Eating insufficiently cooked ground meat carries a higher risk of consuming harmful bacteria like E. coli or Salmonella.

But don’t panic! 

While concerns about eating undercooked meat are substantial and should not be ignored, certain precautions will allow you to confidently eat burgers regardless of what your desired temperature is. 

In addition to the tips mentioned above, the primary way to ensure the safety of your burgers is by making sure to achieve a minimum internal temperature when cooking.

Let’s explore the exact internal temperatures you need to be aware of, and our simple recommendations for effectively using a meat thermometer.

*IMPORTANT* People with compromised immune systems, pregnant women, children, or the elderly should consider cooking burgers to higher temperatures to reduce any potential health risks. Refer to your local food safety guidelines and recommendations.

Rare burger temperature

Rare burgers are often the category where there’s the most concern. While we applaud the desire to be cautious and responsible in the kitchen, consuming rare burgers can be perfectly safe as long as they’re cooked to an internal temperature of 125°F.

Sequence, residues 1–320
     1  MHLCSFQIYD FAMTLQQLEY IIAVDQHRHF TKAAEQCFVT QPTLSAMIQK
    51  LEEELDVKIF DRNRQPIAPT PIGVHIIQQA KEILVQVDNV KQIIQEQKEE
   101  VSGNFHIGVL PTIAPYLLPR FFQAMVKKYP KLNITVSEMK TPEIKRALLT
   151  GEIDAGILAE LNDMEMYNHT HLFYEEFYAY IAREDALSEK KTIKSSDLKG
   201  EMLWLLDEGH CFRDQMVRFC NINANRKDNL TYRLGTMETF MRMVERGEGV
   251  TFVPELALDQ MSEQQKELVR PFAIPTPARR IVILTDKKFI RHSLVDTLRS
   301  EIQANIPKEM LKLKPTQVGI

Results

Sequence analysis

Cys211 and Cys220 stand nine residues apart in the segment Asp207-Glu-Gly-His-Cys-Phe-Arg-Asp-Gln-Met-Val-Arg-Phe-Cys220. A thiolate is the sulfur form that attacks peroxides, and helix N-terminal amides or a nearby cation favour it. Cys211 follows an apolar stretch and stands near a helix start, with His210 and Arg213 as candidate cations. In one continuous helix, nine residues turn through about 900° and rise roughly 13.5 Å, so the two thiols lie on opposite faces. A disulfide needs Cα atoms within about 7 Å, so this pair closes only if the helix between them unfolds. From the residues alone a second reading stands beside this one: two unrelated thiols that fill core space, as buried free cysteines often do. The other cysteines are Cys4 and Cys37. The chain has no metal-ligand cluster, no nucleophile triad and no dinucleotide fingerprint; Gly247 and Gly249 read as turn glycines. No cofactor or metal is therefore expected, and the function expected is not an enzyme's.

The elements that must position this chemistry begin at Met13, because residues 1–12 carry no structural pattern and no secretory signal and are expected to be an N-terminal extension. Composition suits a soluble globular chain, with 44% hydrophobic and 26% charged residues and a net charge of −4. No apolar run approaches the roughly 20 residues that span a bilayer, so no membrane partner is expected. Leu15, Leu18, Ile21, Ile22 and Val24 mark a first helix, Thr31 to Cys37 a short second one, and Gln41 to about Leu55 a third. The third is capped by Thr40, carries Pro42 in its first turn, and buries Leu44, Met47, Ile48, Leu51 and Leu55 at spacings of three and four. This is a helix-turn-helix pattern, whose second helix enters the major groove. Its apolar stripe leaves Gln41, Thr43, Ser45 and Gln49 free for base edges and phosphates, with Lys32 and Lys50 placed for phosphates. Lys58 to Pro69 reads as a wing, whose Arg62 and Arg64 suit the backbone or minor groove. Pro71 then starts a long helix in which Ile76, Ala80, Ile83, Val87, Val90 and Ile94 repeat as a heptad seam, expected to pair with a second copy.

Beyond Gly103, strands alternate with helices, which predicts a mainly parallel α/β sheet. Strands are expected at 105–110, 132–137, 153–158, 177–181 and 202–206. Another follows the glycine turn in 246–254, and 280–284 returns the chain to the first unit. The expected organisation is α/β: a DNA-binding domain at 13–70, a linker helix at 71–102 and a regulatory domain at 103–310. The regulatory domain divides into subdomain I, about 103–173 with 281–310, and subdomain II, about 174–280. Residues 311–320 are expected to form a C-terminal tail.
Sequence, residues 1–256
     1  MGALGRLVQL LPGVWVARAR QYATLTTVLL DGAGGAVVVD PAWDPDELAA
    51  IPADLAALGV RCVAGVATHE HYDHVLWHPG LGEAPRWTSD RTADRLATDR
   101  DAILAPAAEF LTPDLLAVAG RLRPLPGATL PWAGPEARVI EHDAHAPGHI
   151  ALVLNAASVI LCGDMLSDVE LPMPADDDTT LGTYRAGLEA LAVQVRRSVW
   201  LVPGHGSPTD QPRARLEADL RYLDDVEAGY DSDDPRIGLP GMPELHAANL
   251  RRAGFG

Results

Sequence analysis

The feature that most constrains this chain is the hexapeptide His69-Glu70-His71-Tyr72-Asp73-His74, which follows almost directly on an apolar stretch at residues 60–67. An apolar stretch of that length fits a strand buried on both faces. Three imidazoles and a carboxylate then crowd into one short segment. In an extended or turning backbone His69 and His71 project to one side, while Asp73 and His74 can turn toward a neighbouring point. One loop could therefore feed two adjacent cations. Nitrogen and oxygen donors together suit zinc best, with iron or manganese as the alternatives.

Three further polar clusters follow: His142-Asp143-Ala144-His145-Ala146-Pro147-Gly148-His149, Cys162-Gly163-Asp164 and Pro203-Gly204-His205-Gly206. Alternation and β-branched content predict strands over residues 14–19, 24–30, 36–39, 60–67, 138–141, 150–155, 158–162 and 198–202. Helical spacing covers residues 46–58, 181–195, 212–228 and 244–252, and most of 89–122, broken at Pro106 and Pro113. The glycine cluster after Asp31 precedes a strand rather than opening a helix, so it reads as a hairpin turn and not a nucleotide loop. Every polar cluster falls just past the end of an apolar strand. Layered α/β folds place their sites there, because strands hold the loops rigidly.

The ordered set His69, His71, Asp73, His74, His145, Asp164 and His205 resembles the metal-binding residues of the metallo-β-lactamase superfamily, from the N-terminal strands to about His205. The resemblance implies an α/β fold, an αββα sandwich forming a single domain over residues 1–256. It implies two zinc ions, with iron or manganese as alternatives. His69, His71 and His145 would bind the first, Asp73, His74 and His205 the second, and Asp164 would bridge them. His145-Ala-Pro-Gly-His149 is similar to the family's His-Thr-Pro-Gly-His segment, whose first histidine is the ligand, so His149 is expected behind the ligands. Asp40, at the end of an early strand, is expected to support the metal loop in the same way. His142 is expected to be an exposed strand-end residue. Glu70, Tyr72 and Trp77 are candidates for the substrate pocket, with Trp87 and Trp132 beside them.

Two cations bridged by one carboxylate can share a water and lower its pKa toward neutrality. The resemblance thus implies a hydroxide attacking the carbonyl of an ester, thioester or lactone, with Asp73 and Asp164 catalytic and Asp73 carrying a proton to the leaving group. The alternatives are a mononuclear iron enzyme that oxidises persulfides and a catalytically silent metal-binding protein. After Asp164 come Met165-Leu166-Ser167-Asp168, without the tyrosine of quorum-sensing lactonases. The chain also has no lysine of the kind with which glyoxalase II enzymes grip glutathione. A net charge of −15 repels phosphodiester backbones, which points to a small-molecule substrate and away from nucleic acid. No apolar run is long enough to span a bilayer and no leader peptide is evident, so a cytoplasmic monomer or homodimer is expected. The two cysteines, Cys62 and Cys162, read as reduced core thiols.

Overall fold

In a rare burger, the center will be very juicy, cool or almost cool, and red.

Medium rare burger temperature

Some sources recommend cooking medium rare burgers to 130°F. However, as you’ll see in our temperature chart below, 135°F is our recommendation.

The center will be pink, warm, and slightly firmer than a rare burger.

Medium burger temperature 

Medium burgers need to be cooked to an internal temperature of 145°F. The center will be warm and only very slightly pink.

This is one of the more popular choices for its balance between tenderness and relative doneness.

Medium well burger temperature 

For burgers that have only the tiniest bit of pinkness, cook them to an internal temperature of 155°F.

The center will be only slightly pink with a hint of gray. Also expect more firmness and less juiciness than burgers cooked to lower temperatures.

Well done burger temperature 

For our friends who want absolutely zero pinkness, cook to an internal temperature of 160°F or more. This will lead to burgers that are fully cooked with a gray center, and a firmer and drier end result.

Burger Temperature Chart